Julia Gillard's inner sanctum hasn't had much to smile about lately, but on Tuesday her advisers were giving each other high-fives in the Prime Minister's office. The catalyst? A very brief call from Christine Milne to Gillard that ended less than two minutes before the Greens leader delivered her televised National Press Club address, and announced the end of her party's alliance with Labor.Lets just run through that again, shall we:
Gillard's response, as she recalled it the following day, indicated that the news was neither unexpected nor disturbing. ''Thanks, righto,'' she recalls telling Milne.
The sense of excitement, after the PM relayed the news to her office, was two-fold: Labor was now free to launch an all-out assault on the party that invaded its territory, safe in the knowledge that the minor party would continue to vote with the government in the event of no-confidence motions, support supply and ensure that the Parliament runs its full term.
The good news improved when Milne threatened to vote with the Coalition against the removal of $1 billion in tax concessions for the nation's biggest companies - a measure that is intended to pay for the ''game-changing'' jobs package Gillard announced last Sunday.
Here, the Labor argument went, was all the evidence you need of the Greens' hypocrisy. On the one hand, they say the miners aren't paying enough tax; on the other, they threaten to oppose something that prevents the same companies from receiving massive handouts to fund their research and development.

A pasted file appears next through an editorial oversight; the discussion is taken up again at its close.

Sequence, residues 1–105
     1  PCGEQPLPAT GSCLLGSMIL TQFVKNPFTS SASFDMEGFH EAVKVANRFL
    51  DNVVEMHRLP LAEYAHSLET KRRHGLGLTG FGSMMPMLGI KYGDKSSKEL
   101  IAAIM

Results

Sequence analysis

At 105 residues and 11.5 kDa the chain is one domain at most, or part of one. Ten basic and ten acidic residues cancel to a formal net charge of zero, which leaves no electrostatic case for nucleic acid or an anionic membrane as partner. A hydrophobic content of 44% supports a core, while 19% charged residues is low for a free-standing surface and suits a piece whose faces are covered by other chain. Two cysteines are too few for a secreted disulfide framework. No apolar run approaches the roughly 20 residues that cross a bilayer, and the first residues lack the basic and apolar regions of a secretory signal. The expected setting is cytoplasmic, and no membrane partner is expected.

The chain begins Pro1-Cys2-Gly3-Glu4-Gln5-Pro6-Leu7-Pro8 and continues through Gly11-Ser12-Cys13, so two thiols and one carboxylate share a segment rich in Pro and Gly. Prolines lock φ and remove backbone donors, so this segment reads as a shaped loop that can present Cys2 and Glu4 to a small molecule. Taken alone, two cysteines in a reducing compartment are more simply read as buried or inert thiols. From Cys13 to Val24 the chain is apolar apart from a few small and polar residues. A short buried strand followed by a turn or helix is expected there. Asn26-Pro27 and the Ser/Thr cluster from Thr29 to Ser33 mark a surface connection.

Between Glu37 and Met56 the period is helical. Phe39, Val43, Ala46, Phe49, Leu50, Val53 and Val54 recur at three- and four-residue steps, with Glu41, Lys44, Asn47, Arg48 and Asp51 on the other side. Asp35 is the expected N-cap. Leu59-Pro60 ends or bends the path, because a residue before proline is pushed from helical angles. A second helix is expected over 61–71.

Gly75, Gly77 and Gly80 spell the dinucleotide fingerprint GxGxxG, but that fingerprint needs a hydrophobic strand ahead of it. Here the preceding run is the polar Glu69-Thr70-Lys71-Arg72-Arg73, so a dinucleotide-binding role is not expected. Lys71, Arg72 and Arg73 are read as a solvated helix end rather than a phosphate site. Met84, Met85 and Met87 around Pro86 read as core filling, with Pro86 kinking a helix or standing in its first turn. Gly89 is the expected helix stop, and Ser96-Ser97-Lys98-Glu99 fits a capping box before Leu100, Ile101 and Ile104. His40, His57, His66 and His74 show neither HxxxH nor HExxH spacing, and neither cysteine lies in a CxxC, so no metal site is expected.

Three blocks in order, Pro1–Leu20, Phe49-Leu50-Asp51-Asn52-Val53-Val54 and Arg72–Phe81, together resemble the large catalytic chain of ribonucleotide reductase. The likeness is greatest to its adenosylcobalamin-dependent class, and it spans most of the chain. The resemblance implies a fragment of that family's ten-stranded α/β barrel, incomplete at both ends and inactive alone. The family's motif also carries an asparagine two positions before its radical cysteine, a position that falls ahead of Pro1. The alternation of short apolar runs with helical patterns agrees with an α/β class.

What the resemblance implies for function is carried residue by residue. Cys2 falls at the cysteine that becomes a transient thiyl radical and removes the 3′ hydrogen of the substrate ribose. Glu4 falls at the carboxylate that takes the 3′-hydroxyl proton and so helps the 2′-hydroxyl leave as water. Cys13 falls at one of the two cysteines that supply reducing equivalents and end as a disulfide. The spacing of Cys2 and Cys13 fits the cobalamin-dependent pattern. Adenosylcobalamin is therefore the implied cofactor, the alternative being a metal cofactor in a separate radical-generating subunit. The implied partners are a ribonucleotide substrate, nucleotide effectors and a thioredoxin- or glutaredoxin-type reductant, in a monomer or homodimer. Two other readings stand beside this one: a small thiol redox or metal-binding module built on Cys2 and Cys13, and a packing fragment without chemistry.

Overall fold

- Labor was now free to launch an all-out assault on the party that invaded its territory
- safe in the knowledge that the minor party would continue to vote with the government
- all the evidence you need of the Greens' hypocrisy
- miners aren't paying enough tax; on the other, they threaten to oppose something that prevents the same companies from receiving massive handouts.
And let's just remember our history lessons, shall we:
- in 2010 Julia Gillard sold her soul (she called it "negotiating") to sign a deal with the Greens, to make herself Prime Minister
- the Greens would never have voted with anyone other than Labor, the deal itself was never needed, the selling of souls was superfluous five minutes after the votes had been counted
- then and subsequently, including in relation to the "not on my watch" carbon tax, Julia Gillard was a puppet to every Green whim, which she justified as showing leadership and getting the job done
- the Greens, under Bob Brown, have a long recorded parliamentary history of hypocrisy, including blocking or refusing to even turn up to vote for major environmental legislation of great value to the country; this isn't a news flash, they've done it with astonishing regularity.
High fives around PM reveal faulty grasp of Labor's reality